Green Certification

By Scott McBride

Reflecting on the Rockville Building case I wonder what other tools can be used to help align incentives of landlords and tenants to invest in sustainable building, whether from an energy efficiency, carbon, or materials point of view.  In the case there were several approaches for the landlord to recoup his investment through an energy service agreements (ESA) or managed services agreements (MESA), which focus on structuring the cash flows or by using an energy service company to complete the retrofit. This brings me to think about the impact of outside agencies such as LEED, Energy Star, or Green Globes that issue “green” ratings on buildings.  Will these silver, gold, and platinum rated buildings help eliminate some of the uncertainty for landlords and enable them to achieve the “green premium” discussed in the case and if so will it be worth it after investing the time and cost of these certifications?

Looking at these green rating agencies I cannot help but think about the financial rating agencies like S&P, Moody’s, and Fitch.  These agencies provide value by expressing an opinion on the creditworthiness of an entity and the financial obligations issued by an entity.  LEED, the most widely known standard, provides a similar service about the “greenworthiness” of buildings.  One question is: can multiple standards existing in building?  Due to the complexity and expensive nature of certifying buildings it is unlikely there will be as many successful green rating agencies as financial agencies.

According to McGraw-Hill Construction’s 2009 Green Outlook: Trends Driving Change, tangible economic benefits to green (LEED and Energy Star) buildings include:

  • Decreased operating costs of 13.6%
  • Increased building values of 10.9%
  • Improvement in ROI of 9.9%
  • Increased occupancy of 6.4%
  • Rises in rent of 6.2%

A study strictly about LEED showed that LEED-certified buildings garnered a 30% rental premium and a 60% sales premium.  Factoring these, albeit generous assumptions, into the Rockville proforma the investment in energy savings becomes much more appealing if his building is able to claim LEED certification.  As certifications such as LEED gain broader acceptance and there is more data to support these premium claims, the “green” certification avenue becomes another possible approach for landlords to pursue in recouping their investment in energy efficiency.  A LEED certification could simply hold enough weight with potential tenants that the investment would pay for itself in rental premiums negating the need for complex energy service agreements or managed services agreements that aim to address the asymmetric nature of tenants reaping the financial savings of reduced energy costs.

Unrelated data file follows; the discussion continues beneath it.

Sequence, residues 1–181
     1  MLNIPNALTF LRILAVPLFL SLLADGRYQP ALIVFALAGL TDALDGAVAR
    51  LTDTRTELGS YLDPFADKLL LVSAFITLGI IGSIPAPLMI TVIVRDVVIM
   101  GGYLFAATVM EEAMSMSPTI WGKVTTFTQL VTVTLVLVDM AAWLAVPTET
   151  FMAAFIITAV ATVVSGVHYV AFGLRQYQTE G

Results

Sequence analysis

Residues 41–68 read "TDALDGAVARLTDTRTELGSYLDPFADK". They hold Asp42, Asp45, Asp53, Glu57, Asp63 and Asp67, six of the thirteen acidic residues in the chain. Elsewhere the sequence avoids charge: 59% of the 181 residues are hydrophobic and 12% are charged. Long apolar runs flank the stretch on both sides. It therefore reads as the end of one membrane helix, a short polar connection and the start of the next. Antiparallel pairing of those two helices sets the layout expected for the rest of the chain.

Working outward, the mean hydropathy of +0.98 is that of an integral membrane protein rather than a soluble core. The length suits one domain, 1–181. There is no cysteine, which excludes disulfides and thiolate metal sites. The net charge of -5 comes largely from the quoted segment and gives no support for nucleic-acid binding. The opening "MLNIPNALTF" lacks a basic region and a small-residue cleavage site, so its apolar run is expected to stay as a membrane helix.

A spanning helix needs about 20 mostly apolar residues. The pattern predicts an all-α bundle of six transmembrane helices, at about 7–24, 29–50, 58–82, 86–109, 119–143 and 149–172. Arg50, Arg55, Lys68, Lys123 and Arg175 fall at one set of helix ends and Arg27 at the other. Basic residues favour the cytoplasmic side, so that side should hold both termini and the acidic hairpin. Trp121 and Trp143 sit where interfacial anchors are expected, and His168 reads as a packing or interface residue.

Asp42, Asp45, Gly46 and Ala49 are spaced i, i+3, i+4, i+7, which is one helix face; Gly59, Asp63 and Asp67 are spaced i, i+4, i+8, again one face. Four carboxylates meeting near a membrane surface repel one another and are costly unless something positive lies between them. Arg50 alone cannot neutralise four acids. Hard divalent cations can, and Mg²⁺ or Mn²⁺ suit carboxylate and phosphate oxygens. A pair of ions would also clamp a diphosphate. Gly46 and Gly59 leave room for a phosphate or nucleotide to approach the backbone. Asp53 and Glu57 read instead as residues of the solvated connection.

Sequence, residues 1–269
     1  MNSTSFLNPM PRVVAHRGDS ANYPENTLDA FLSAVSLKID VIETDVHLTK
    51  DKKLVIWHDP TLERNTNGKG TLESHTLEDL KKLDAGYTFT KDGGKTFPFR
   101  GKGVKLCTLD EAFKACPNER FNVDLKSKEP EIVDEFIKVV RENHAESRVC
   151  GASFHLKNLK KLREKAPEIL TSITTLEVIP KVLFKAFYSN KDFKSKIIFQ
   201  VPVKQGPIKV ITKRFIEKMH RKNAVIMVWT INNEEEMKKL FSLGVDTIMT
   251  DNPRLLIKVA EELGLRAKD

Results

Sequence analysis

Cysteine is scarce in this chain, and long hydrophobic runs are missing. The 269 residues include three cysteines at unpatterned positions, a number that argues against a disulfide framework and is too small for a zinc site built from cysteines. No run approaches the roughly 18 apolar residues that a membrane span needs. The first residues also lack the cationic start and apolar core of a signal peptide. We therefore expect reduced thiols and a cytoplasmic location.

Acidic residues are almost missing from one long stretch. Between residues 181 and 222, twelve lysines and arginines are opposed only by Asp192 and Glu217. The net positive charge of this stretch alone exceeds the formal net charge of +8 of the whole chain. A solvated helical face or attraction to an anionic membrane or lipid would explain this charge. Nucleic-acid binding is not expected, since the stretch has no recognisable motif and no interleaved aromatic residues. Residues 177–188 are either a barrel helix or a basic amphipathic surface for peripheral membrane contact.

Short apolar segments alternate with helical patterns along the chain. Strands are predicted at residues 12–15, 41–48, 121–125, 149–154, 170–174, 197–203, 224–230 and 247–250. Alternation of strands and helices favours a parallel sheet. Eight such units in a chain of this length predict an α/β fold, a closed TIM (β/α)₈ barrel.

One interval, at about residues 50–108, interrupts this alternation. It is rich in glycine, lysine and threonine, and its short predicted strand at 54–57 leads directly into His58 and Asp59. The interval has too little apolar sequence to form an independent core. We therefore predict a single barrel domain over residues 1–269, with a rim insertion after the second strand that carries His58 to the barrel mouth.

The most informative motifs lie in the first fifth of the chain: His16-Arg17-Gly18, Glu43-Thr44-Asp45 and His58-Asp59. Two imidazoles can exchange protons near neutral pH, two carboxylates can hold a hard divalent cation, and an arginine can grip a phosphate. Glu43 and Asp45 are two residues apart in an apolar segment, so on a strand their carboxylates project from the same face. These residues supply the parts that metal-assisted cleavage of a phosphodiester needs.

LEED might not be the solution as it comes with its own host of criticisms including the high cost of certification, cumbersome process, and implementation where designers can “cherry pick” green points that add little in terms of sustainability.  Regardless there certainly is value in a universally accepted standard that will help reduce the transaction costs and increase the transparency of investment in energy efficiency and “green” buildings.

2 thoughts on “Green Certification

  1. I found this post very interesting. I had the chance to work both as a consultant and as part of an Energy Efficiency start-up on the issue of certification of buildings. I would like to comment on two issues: (1) The impact of value that Certification actually delivers and (2) The Certifying agencies.

    Firstly, in the real estate and energy efficiency industries there are mixed feelings about LEED and other certifications. Some real estate developers consider it a way to increase the value of the building (expressed mainly through the savings that you quote and a green “goodwill”). However, since most of the LEED buildings are commercial or part of the MUSH segment, some consultants indicate that the rent premiums paid are more associated with the actual value of the asset (e.g. monopoly, great location) than with the environmental upgrade. I believe Harvard Business School Housing could be a good example for this. At the same time, energy efficiency companies (ESCOs, Energy Efficiency design / build firms and contractors) believe that the LEED certification does not reach even 50% of the potential savings that a customized solution from an expert can reach. The main reasons for this is the difficulty in generalizing specifications for buildings, especially across geographies and usage.

    Secondly, I really like how you position certification agencies as enablers of driving energy efficiency upgrades for buildings. Some issues that we need to discuss have to do with how to enable these agencies to play a more important role. Definitely having multiple agencies is the first part to create a “market” related to certifications. However, given that buildings are heavily regulated (many standards related to safety etc), it might be difficult to have many independent agencies. I am also concerned about the cost of the certification. The complexity of a very specific assessment may confine the applicability to large buildings and in this way exclude the large number of small residential buildings. This brings us back to the discussion that although there may be big potential in energy efficiency, around 45% (based on the MckInsey GHG Abatement cost curve) is in the fragmented residential sector.

    This last point is what makes me feel that although building certification can play a significant role in some segments, it still does not solve the problem of scaling up energy efficiency to all the segments and hence does not address the issues we are currently facing.

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